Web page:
First of all, we would like to thank everyone that participated! We were pleasantly surprised by the quality and depth of the submissions.
After much internal deliberation and thought*, we are pleased to announce the winners of the 1st ever Spectra.pub Machine Learning Review Paper Competition! Without further ado…
David McCaffary, University of Oxford
This review article covers an important research topic, is well researched, and is well written. It provides an excellent overview of research into continual task learning, transfer learning, and approaches to mitigate the catastrophic forgetting problem that plagues naive approaches to continual task learning. It also draws interesting parallels to neuroscience. Important and interesting stuff!
Kaichao You, Tsinghua University
This article presents a clear and easy to follow summary of a practical method for transfer learning previously published in a 2020 NeurIPS paper. This method has been shown to perform significantly better than vanilla fine tuning (copy weights, discard fully connected layer). We also love the insight that “transfer learning is the hidden force behind deep learning.” So true!
3rd prize: Adversarial learning on graphs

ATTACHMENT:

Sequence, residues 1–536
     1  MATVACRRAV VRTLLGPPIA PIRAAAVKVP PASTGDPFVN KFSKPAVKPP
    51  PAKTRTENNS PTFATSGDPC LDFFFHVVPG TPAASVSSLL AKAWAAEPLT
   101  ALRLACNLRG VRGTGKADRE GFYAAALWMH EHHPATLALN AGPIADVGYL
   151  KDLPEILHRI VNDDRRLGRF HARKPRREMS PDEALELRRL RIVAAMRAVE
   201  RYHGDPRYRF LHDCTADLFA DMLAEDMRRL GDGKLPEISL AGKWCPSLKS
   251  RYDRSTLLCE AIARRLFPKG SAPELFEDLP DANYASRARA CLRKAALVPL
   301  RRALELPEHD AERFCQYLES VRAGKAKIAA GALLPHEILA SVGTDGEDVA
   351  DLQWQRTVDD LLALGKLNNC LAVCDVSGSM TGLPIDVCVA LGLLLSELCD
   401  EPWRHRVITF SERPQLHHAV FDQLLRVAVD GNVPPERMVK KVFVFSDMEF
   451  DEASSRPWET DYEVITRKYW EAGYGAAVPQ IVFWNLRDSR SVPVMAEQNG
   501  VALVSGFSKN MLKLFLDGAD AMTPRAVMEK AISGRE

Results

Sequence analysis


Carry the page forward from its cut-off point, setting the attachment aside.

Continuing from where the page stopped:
Jintang Li, Sun Yat-Sen University
A fascinating overview of the emerging field of adversarial learning on graphs, full of links to papers and working code. This line of research is relevant to recommendation systems, where the user-item relationships can be modeled as a graph. By injecting fake users into the system to promote certain items, an attacker can subvert the system. The paper discusses ways to mitigate attacks, metrics to evaluate robustness against attacks, and discusses open research problems in this field.
Winners: Congratulations! Please email email@example.com to claim your prize and some swag!
- Information Theory in Machine Learning - Srishti Saha
- Go-Explore: Reinforcement Learning Algorithms Tackling Hard-Explore Tasks - Guy Leroy
- Causal Machine Learning in Healthcare - Roman Böhringer
A common theme in the submissions, as evidenced by the winner of the 1st and 2nd prize, has been transfer learning. Clearly, more research into model re-usability and learning in low data regimes is needed to move AI research forward. As AI applications with significant scale (eg. speech recognition) get swallowed up by corporate research labs with big compute and dataset budgets, better AI will be needed to tackle the “long tail” of AI applications, as well as general AI. Over time, it’s even possible that general AIs will eventually be able to compete with special purpose AIs.
The theme of operational re-usability is seen not just in AI, but in other fields, like space exploration. Building a new rocket every time you want to go to space is not practical. Likewise, training a model for two weeks every time you want to teach an algorithm to perform a new task is also impractical if you want to achieve accessible, affordable AI.
Next Spectra competition!
We will be announcing a new Spectra competition soon! Want to help, with editing, judging, or anything else? Please get in touch with us at firstname.lastname@example.org!
*Votes and article pageviews were also taken into consideration when choosing the winners.